This is a gorgeous open cove beach with bright soft sand and clear blue waters. To your left, a small old fort perched on the hill and to your right, a footpath leading up the hill to the neighboring Cala Mitjana with impressive sea views. We arrived here at about 5 pm and wish we had more time for this spectacular place. Bring plenty of water and food if you don’t want to walk across to the beach bar in the neighboring beach.
A lovely boutique hotel
In Arta, we stayed at Hotel Forn Nou, a fantastic boutique style hotel in the center of the old town. The narrow streets are hard to navigate but there is no shortage of parking. Arta is a lovely little medieval town and a decent place to spend the night. There isn’t a whole lot to do at night except enjoying some Sangria and Tapas in the main square. The town’s main attraction involves climbing 180 stairs up to the majestic Sanctuary of Sant Salvador, an old 14th-century walled sanctuary atop a hill overlooking the town and its surrounding area. Start your journey at the impressive Church of Transfiguració in the center of town for this well worth short journey.
Here’s a list of all accommodations in Arta which you can book online.
- Don’t settle for the main beach at Formentor, continue driving towards the lighthouse to find the more secluded beaches.
- There are some fantastic beaches in the northeast part of Mallorca. We only got to spend a few hours at Cala Estreta and wish we had more time.
- Just outside of Arta is the Ermitage de Betlem which is suppose to be lovely to visit and stroll around.
- In the vicinity of the hermitage lies The Peninsula de Levante National Park. We actually ended up here by mistake en route to the beach and it looked amazing, totally remote. The ranger told us there are nice 3-4 hikes you can do which will lead you to secluded coves.
Part 4: Southern Mallorca (3 days)
Arta to Mondrago National Park & Cala Mondrago
About a 1.5-2 hour drive from Arta lies Mondrago National Park. There is no need to stop on the way and in general, try to avoid this part of the east coast which is where a lot of the package holiday resorts are situated (there are, however, some famous caves to visit if you’re into that stuff). Park your car (free) in the parking lot and head down the paved path to the beach. As you reach the main beach, you are faced with 3 options: you can take the wooded path to your left for about 400 meters and reach a very narrow cove (in our case, it was quite crowded), you can simply stay at this main beach which is quite family oriented, or take the right path (can’t miss it) to the next beach which is in a wide cove with lovely sand and a pine wood in the rear. There is a beach bar, chemical toilets and decent snorkeling in the surrounding rocks if the water is clear on that day. This is a lovely place to spend the day.
Mondrago National Park to Ses Salines
We were headed to the small village of Ses Salines for our next 2 nights and en route from Mondrago, stopped at the picturesque fishing village of Cala Figuera. No beach here, just a lovely stroll down to the old port and just in time to catch the fishing boats unloading their bounty. Local chefs eagerly await nearby for a good catch and dozens of tourists for a classic photo op. The port is a lovely place for a stroll through the narrow seaside path, dotted with boathouses and sunny villas clinging to the surrounding cliffs.
A further 10-minute drive brings you to Ses Salines which seemed like an upscale village to us. We stayed at the Villas Station hotel which is a great place but just hard to find so ring them up before to get directions. This is a converted train station with spacious family rooms and a nice swimming pool. There is an even an ancient but active well in the gardens, just watch out for the cactus. That night, we headed to Colonia de Sant Jordi for dinner on the seaside promenade. We chose Port Blau which offers a great dinner deal for a couple (21€ pp for a three-course meal and a bottle of wine) and some fantastic fresh fish.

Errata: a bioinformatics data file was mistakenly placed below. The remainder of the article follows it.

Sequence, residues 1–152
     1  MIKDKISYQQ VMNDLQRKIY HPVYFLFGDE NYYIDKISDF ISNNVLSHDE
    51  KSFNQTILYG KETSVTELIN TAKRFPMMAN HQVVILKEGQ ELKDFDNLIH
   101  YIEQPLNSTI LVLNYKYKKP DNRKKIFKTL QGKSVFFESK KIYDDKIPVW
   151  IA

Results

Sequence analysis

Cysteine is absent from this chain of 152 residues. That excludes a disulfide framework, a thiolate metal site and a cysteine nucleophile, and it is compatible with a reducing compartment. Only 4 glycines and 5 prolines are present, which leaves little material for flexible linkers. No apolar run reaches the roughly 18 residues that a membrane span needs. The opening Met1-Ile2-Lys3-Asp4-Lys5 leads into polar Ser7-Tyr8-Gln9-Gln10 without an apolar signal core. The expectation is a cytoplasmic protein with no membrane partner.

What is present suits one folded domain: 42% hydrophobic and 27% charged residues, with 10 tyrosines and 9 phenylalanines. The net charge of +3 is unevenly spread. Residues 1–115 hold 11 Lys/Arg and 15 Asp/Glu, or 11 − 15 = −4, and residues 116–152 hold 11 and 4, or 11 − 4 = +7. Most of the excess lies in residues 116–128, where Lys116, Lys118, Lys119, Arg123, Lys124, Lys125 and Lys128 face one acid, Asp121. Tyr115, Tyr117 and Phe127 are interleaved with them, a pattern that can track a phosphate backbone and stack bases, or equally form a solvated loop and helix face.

Here’s a list of all accommodations in this area which you can book online.
The next morning we went on a hunt after the best Ensaimada in Mallorca, the famous local spiral-shaped pastry. The hunt took us to the town of Campos and Patissiere Pomar, a famous establishment since 1902. This place really does deserve its reputation and is frequently visited by locals and visitors. You can buy various pastries (try the Ensaimada and the almond croissant), coffee, bread and the typical Mallorcan ‘pizza-like bread’. We bought some bread in the bakery, fruits and vegetables in town and headed to the beach.
Ses Salines to Es Trenc Beach
Drive towards Colonia de Sant Jordi and just before the town, you’ll see a right turn towards Es Trenc. This road takes you past the Flor de Sal d’Es Trenc salt factory which makes this region so famous (you can stop at the factory shop) and takes you to the parking lot (6€) of Es Trenc beach. This is by far the nicest beach we visited throughout Mallorca.
Es Trenc is a wide and long strip of nearly unspoiled white sand where you can have some space for yourself. The area near the parking lot is more family oriented and houses numerous restaurants. Head an additional 300 meters to the nudist area which is in my opinion, the nicest part of the beach. Es Trenc is a Caribbean-like beach. Substitute the palm trees for the pine trees and you are in a tropical setting. The sand, soft and white. The waters shallow and crystal clear, stretching for about 300 meters. If you truly fancy feeling on vacation, feel free to take your clothes off as this beach is popular with nudies. It’s not a must though. What is a must is spending as much time as possible in this magnificent setting. Bring plenty of water, food and shade as the beach bars and restaurants are quite overpriced and the sun is at its best. For dinner, we had some excellent tapas at Casa Manolo in Ses Salines, reasonable priced and rich with history.
Our only regret on this leg of the trip was not knowing how beautiful Es Trenc really was. We went to 9 Mallorcan beaches and this was by far the most memorable.
Part 5: Es Trenc to Palma (1 day)
Our trip was coming to an end. We spent another half day in Es Trenc and headed back to Palma that afternoon (45-minute drive), returning the car and checking in once again to Hotel Almudaina. We used this time to do a bit of shopping and for dinner went to the highly recommended Celler Pagés restaurant. Hidden in the back alleys of central old Palma, this restaurant is popular with the locals and we were fortunate to find a free table. Food consists of fresh Mallorcan cuisine and prices are extremely reasonable.